Internet empowers mouths, bikes, Star Trek scanners at Mobile World Congress in Barcelona

The pervasive creep of the Internet from computers and phones to all kinds of objects is the theme of this year's edition of the Mobile World Congress wireless show.

For those who couldn't join the tens of thousands in Barcelona for the four-day event, here is a look at some of the quirkiest innovations on display.



Pizza Hut has two new ways to make sure nobody waits too long for a pie.

Italian inventors La Comanda have reduced the distance to your favorite pizza to a simple trip to your fridge. There, you just reach up and slap the magnet-held timing device, holding the round button down a few seconds, and presto! The pizza is on its way to you.

The Click'N'Pizza will go on sale this summer in Canada and will work to order Pizza Hut products. The price has not yet been set. CEO Carlo Brianza says the technology could be used with other chain restaurants.

Visa is also testing a program with Pizza Hut for making payments from the car. You order ahead of time, and a system of sensors will let restaurant staff know when you arrive. Employees can bring your order to your parking space, as the sensors would know where you are.

Eventually, this system could be used to pay for gas, tolls and parking. With parking, the system would know when you're in that spot and calculate to the minute how long you've been there.

Visa will start a pilot program in coming months in Northern California. It might take years for gas stations, parking lots and tollbooths to get the necessary sensors.



Riding a bicycle to work sounds great, until you arrive drenched in sweat.

That's one reason Ford is experimenting with improving electric bicycles.

The car company unveiled two electric bikes — one for regular city travel and one for commercial use for messengers or delivery — that connect to smartphones through Bluetooth, as well as physically via a mounted dock.

An associated smartphone application plans your route and the bike indicates when you need to turn by vibrating the right or left hand grip. If both vibrate, look out: it means a car is close behind.

The bikes can be connected to a Bluetooth heart-rate monitor that can increase the bike's motor power to let you rest if overexerted. They can also be programmed to let you cool down during the final stretch of your journey.

"We are in an experimental phase" said Eric Klampfl, Global Future Mobility Manager for Ford Research and Innovation Center. So interested cyclists will have to wait.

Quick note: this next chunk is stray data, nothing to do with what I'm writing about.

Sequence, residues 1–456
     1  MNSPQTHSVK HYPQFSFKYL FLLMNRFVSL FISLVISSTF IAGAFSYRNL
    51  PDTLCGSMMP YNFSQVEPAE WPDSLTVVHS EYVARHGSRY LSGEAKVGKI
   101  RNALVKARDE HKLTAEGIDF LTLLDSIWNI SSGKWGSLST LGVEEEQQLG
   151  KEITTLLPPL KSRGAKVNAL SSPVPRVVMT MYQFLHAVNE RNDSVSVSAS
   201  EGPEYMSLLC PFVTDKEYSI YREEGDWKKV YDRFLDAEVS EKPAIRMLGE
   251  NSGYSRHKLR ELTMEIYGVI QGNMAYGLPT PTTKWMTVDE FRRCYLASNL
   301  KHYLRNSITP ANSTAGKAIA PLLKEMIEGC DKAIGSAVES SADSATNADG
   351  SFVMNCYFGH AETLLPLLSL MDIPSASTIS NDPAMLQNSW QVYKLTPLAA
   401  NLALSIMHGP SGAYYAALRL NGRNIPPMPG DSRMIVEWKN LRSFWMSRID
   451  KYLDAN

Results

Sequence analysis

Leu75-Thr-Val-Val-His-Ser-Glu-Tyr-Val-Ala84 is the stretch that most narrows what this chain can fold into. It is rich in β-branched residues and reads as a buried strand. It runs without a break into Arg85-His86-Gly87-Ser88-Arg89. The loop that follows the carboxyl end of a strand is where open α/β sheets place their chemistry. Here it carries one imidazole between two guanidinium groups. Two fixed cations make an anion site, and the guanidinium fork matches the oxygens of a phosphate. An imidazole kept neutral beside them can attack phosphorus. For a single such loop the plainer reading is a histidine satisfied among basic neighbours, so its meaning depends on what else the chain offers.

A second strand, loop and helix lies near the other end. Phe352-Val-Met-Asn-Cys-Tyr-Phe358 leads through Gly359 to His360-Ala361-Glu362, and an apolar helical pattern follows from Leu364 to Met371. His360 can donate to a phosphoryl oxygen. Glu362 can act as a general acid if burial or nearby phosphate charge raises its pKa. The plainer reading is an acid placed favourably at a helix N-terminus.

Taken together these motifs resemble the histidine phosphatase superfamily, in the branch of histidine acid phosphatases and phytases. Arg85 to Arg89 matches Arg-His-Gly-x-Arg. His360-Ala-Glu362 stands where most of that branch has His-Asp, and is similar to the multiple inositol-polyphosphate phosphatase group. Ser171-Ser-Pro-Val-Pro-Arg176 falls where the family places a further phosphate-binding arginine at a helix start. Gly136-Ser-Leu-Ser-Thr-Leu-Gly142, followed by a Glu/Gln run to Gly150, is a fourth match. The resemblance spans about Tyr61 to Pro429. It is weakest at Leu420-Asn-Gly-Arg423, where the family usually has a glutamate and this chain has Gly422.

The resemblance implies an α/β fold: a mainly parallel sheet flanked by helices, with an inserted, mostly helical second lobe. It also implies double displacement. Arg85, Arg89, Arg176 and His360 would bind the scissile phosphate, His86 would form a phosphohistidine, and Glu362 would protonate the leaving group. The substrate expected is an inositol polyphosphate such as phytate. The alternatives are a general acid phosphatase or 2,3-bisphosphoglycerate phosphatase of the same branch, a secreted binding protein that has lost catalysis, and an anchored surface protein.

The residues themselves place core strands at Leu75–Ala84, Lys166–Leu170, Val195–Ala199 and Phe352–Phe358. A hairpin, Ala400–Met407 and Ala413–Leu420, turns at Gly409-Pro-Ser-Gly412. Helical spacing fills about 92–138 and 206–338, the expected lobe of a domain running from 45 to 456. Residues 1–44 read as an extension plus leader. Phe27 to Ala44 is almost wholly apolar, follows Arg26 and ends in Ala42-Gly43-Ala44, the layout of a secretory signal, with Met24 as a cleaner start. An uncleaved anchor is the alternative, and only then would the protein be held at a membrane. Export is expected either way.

Star Trek fans now only lack a phaser after tech company Consumer Physics has pretty much made the "tricorder" a reality.

The Israeli company says its SCiO handheld scanner can analyze the molecular makeup of any object that it has in its growing database.

It says the tiny device, which it hopes can be installed directly in a smartphone, can do the work currently limited to a spectrometer in a laboratory.

The small scanner works via a Bluetooth connection with a smartphone, which it turn compares the data received from an object with a cloud-based database.

Co-founder Dror Sharon demonstrated how the SCiO identifies different kinds of fruit, the nutritional content of cheese, verifies vitamins and even distinguishes between brand, generic and counterfeit Viagra.

The SCiO can be pre-ordered online for $250 dollars and will be on market in June.



Hate turning up tagged in Facebook photos?

AVG has the trick. The Internet security firm has invented a pair of glasses designed to thwart facial recognition technologies used by some social media networks to automatically identify people in uploaded photographs.

AVG spokeswoman Stephanie Kane says the company has dubbed the goggles its "Invisibility Glasses," but that they are only in the early stages of an experimental prototype.



Brushing teeth has never been synonymous with fun.

But Oral-B has at least spiced it up a bit by making an enhanced electric toothbrush that works with an application on your smartphone.

The app times your brushing, with a graphic display showing which areas of the mouth to focus your efforts on. It warns you if you are brushing too hard.

A new version will allow you to program a plan recommended by a dentist, for example, to whiten teeth or protect damaged gums.

Already on sale in the U.S., it will be available in 56 countries in July.

The price for a perfect smile? Around $150.



Smartphones have become mini-movie cameras for many.

And if more memory is needed, SanDisk has crammed 200GB on a fingernail-sized SD card. SanDisk says it can hold 20 hours of HD video.

The SanDisk Ultra microSDXC UHS-I card, Premium Edition, is an upgrade on the 128GB version released last year.

To put the size of the new card in perspective, a new Mac AirBook computer has 256GB.

On sale worldwide in April, it will cost $399.


Anick Jesdanun in New York contributed to this report.